The Psychology Behind Empowerment

The Psychology Behind Empowerment


Psychological Empowerment refers to a subjective process involving cognition and attitudes that help individuals feel competent, effective and authorized to carry out tasks. The term empowerment was coined by Kanter in 1977, wherein he referred to it as the cornerstone for improving quality and service in organizations. Although Kanter looked at empowerment through the lens of organizational psychology, the first theories of empowerment looked at this term through the lens of community psychology.

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First theories of Empowerment

Rappaport (1981) proposed that it should be the primary focus of community psychology. According to him, it is helping those with unequal power to understand their situation and gain more power. This includes the consideration of people’s rights, needs and choices while acknowledging the powerlessness experienced by groups. Conger and Kanungo (1988) defined empowerment as a relational construct in the practice of organizational psychology, particularly in management and leadership.

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They describe empowerment as the process using which a leader shares their power with their subordinates while being in a dynamic relationship with them. Thomas and Venthouse (1990) built on the previous definition and further developed and refined the motivation-centered theory of psychological empowerment. This model views it as a factor of motivation associated with intrinsic motivation and cognitive components that help generate this type of motivation. These cognitive components include competence, impact, meaning and choice, or self-determination.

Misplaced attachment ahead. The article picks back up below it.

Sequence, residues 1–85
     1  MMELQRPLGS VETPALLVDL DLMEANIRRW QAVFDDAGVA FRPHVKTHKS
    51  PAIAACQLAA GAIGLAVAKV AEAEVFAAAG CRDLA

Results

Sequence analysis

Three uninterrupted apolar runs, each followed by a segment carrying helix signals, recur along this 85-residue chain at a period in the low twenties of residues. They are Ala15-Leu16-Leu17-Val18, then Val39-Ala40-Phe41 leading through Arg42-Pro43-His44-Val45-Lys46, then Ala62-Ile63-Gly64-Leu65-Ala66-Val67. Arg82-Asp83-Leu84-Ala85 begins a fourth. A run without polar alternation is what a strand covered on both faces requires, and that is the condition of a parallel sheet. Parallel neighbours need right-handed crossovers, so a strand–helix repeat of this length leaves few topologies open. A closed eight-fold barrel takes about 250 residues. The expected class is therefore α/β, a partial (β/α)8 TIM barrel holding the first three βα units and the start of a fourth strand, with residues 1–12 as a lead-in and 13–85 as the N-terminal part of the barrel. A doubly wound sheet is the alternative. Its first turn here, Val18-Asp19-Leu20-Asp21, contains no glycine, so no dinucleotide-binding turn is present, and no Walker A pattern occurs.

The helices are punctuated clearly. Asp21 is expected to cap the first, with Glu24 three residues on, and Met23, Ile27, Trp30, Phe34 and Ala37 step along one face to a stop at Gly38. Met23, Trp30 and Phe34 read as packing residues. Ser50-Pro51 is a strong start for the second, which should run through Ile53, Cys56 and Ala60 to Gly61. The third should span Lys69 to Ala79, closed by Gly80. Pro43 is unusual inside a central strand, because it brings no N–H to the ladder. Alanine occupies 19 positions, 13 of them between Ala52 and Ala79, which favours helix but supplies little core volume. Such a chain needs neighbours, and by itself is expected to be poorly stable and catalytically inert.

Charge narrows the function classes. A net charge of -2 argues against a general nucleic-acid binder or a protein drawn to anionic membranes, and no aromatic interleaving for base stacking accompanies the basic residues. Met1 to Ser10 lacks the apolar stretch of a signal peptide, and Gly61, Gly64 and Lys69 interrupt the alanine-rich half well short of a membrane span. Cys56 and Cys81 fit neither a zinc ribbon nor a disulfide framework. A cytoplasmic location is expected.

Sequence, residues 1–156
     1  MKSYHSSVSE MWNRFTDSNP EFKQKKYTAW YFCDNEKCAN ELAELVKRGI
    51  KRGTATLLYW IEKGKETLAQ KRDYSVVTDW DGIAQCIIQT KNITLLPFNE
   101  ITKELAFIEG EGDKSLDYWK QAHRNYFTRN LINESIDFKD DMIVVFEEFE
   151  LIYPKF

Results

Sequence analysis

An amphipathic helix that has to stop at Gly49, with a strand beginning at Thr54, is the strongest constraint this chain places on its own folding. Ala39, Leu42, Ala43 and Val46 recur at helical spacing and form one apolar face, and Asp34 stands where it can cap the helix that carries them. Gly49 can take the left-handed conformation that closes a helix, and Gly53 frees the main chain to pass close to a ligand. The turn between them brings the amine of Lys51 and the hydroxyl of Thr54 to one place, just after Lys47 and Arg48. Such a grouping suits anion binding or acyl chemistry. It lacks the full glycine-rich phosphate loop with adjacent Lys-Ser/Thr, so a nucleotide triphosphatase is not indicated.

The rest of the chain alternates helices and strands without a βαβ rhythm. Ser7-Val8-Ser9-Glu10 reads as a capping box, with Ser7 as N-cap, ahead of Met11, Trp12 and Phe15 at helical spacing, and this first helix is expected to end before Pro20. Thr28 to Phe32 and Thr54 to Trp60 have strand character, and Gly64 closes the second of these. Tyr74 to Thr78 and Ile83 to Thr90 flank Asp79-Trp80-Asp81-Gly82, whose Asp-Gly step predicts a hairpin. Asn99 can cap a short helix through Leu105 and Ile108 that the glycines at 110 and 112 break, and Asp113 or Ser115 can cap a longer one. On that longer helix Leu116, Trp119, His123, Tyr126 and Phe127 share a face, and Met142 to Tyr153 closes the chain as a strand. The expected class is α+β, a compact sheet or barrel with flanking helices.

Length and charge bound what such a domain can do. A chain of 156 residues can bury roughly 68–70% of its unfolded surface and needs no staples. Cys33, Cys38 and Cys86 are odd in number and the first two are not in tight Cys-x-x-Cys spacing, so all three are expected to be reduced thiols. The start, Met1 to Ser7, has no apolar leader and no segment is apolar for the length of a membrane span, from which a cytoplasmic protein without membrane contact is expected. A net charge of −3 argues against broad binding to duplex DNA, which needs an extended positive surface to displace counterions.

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Zimmerman (2000) posited empowerment as a multilevel construct analyzed at three levels: individual, organizational and community. At each level of analysis, empowerment is seen as a process and an outcome. According to this theory, It is at the individual level of analysis. However, it could take different forms, depending on the people involved and the situational contexts. Zimmerman (2000) broke down psychological empowerment into three components: intrapersonal, interactional and behavioural.

  • The behavioural component refers to the actions done after being empowered or those done to empower.
  • The interactional component denotes the individual’s views and relations with their environment and other people.
  • The intrapersonal component denotes the individual’s self-perceptions about self-efficacy and competence and the motivation to control outcomes, people or the situation.

It should be noted that the intrapersonal component in Zimmerman’s theory overlaps with the four dimensions of cognitive components proposed by Thomas and Venthouse (1990). If we were to combine the definition from all the theories above, we could say that psychological empowerment is a subjective, cognitive and motivational process where the individual perceives themselves as having the skills and competence for carrying out and completing tasks.